|Gabri Christa in her new multimedia solo, Magdalena|
(photo: Kevin Yatarola)
Having spent the early afternoon at 92Y Harkness visiting Pino-Latino's intersection of Asian and Latinx cultures, I headed to Midtown West for Gabri Christa's multimedia solo, Magdalena. I found the Curaçao-born dance artist/filmmaker greeting people arriving at Orietta Crispino's tiny studio at Theaterlab, carefully guarding a square of white performance space surrounded on three sides by a string of light bulbs from heedless, bull-in-china-shop audience members.
Towards the rear of the demarcated space, a baby doll of fragile, chocolate-brown porcelain sat atop an ancient valise. At the start of her hour-long performance, Christa, a woman of mixed races and cultures, began her storytelling by pointing to the Black doll and relaying its history. (How did this toy, so rare in the Europe of her Dutch mother Magdalena's youth, come into her family? From an auntie who'd gotten it as a present from her Black, and married, lover.) As in the best stories, that single point and gaze would steadily open up many vibrant channels of memory, history, questions, feelings. We would be introduced to a family, to a war, to Catholic schooling, to interracial love, to the Black Caribbean, to adventurous vitality and, finally, to aging and dementia. For this is a story moving towards her mother's state of forgetting, and it is an act of loving discovery, recall and reclamation.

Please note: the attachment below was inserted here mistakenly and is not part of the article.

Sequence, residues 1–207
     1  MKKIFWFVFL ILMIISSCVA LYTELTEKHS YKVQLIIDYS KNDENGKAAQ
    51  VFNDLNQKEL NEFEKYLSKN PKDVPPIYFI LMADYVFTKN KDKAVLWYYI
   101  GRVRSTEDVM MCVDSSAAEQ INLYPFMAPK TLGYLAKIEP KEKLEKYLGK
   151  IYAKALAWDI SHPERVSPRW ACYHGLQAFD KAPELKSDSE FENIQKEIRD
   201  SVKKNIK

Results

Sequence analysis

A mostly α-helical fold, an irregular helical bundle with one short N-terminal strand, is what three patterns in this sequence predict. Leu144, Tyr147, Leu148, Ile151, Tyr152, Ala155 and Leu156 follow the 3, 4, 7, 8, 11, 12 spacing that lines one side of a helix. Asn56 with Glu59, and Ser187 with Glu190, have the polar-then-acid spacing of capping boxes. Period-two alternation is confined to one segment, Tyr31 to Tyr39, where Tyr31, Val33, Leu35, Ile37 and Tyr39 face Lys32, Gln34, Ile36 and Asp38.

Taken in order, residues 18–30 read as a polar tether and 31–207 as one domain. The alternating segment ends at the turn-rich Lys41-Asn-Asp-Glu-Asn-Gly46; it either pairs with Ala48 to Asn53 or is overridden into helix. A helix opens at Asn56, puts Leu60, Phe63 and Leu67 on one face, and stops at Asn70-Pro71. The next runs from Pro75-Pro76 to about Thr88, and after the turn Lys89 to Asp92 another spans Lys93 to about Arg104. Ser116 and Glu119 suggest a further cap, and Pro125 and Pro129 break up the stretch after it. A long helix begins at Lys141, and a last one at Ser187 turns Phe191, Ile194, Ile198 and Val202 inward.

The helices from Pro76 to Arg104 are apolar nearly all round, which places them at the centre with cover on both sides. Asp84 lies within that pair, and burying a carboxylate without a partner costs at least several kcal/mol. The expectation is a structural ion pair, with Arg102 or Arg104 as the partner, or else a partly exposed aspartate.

A gifted storyteller, Christa employs many supportive tools--among them, a treasure trove of archival visual imagery, some of it from personal family materials. But none of that would matter if the interconnected tales themselves--as in Bennyroyce Royon's new piece for Ballet Hispánico--did not rest on a foundation of humanity.
Conception, writing and performance: Gabri Christa
Direction: Erwin Maas
Design and Dramaturgy: Guy de Lancey
Radio play performed by Wayne Miller and the Spotlight Theater
Music: Izaline Callister and Vernon Reid
Magdalena continues through Saturday, September 22, but hurry. Seating is extremely limited. For information and tickets, click here.
357 West 36th Street (west of 8th Avenue)
Subscribe in a reader